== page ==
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"Cross Border Power Trade in South Asia"

image credit: Hydel Potential in South Asia

Outline:

a) Synopsis

b) Energy Sources and Future Requirements

c) Importance of Cross Boarder Interconnections

d) Efforts by regional organizations

e) Conclusion

21st century is witnessing South Asia as one of the fastest growing regions of the world. The continuous development has consequently resulted in an increased demand for energy in multiple sectors which is indispensable for the overall sustainability in South Asia. The region has considerable amount of energy resources which are spread across the countries in very dissimilar fashion. The present countries of Afghanistan, Bangladesh, Bhutan, Maldives, Nepal, India, Pakistan, and Sri Lanka form South Asia. South Asia presents a picture of broad variety with respect to composition of fuels produced and consumed in different countries, the relative magnitude of consumption, and the ease of accessibility of these resources. Hydel, coal, fossil fuels and renewable resources are main source of energy in all these countries.

South Asia is blessed with an enormous potential for hydropower but the countries have limited financial resources to exploit it all. Hydropower is very cheap and clean source of energy as compared to other energy sources. Some countries in the region are predominantly dependent on a single energy resource i.e. furnace oil and natural gas. At the same time, many of these countries struggle to improve access to electricity for remote and impoverished areas, where approximately millions of people are yet to be connected to the grid. Central Asia can provide surplus energy to Pakistan and other countries through cross border interconnection transmission system.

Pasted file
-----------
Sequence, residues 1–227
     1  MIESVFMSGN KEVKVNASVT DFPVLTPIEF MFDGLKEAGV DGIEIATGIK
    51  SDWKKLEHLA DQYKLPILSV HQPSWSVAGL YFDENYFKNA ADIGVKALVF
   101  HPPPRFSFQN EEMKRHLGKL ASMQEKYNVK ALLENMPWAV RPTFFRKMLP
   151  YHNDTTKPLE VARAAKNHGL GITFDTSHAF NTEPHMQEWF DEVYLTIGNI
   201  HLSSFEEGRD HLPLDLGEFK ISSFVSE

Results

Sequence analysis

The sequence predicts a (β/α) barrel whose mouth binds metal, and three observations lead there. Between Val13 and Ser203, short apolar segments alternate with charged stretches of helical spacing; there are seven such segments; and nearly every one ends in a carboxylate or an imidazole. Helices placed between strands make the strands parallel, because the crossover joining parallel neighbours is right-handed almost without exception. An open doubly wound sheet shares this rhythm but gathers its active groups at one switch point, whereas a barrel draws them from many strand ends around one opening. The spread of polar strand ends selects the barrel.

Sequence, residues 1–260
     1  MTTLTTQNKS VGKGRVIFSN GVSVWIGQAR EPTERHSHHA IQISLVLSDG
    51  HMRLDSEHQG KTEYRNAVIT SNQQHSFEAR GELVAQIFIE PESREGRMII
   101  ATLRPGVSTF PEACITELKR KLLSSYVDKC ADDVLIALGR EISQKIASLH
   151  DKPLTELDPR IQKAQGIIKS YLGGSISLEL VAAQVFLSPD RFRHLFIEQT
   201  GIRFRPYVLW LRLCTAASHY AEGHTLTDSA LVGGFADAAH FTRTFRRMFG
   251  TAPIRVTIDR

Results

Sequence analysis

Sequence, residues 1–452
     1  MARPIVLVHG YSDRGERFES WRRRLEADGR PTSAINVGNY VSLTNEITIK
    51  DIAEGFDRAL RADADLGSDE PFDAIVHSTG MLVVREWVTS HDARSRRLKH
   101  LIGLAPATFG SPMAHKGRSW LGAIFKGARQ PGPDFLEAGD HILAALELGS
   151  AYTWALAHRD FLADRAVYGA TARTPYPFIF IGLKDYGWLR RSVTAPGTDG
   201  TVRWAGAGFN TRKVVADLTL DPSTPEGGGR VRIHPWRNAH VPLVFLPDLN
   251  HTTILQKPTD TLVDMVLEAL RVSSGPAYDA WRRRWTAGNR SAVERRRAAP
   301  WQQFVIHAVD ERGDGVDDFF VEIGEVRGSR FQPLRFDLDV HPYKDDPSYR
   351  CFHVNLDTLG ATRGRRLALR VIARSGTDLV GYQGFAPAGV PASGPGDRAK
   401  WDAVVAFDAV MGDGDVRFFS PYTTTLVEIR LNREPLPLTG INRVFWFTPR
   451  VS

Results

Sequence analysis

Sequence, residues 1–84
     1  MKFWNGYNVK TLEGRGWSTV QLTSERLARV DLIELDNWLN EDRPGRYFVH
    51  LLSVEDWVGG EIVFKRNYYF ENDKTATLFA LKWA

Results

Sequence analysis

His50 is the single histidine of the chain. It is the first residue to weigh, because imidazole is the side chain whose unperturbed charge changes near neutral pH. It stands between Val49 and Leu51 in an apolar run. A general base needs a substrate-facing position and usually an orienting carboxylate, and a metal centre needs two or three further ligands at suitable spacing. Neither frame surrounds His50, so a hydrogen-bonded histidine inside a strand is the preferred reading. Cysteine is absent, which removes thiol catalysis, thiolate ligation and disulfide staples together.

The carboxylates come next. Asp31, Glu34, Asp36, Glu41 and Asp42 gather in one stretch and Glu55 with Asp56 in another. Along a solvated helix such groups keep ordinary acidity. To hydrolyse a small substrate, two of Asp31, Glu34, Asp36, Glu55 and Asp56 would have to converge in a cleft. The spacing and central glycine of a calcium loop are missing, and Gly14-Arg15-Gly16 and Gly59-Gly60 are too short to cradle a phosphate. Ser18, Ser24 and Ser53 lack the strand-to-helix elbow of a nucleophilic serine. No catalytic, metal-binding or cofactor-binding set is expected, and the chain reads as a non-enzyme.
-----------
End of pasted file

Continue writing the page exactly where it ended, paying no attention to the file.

The development of hydropower with diverse energy potential and related transmission strengthening for power evacuation including cross border interconnections becomes a major focus in the sustainable development of these countries. The interconnections between India-Bangladesh are already established. Large capacity interconnections exist between Bhutan and India as well. The annual power transfer between India and Bhutan has grown considerably over the years. Likewise, the first large capacity interconnection between India and Nepal also has a big impact on their development. The main drivers for the interconnections are the power deficits faced by the countries and the political commitment of the governments to proceed with power trading.

SAARC is a regional organization for cooperation in South Asia. The organization is playing a vital role in building consensus on terms and conditions for cross border power trading among regional countries. SAARC Regional Energy Trade Study (SRETS) has identified many opportunities for power trading in South Asian region and the needs relating to the development of related infrastructure. Asia Development Bank (ADB) is also providing legal and financial assistance to the countries of South Asia in carrying out feasibility studies. It is almost evident from all the completed interconnections projects that the proposed method of power sharing is extremely vital.

It is concluded that cross-border power trading together with a regulatory framework across the region that enforces a strong economic stability would maximize the benefits from the development of interconnection projects among South Asian countries considered in an orderly manner.

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Syed Waqar Ali's picture

Thank Syed Waqar for the Post!

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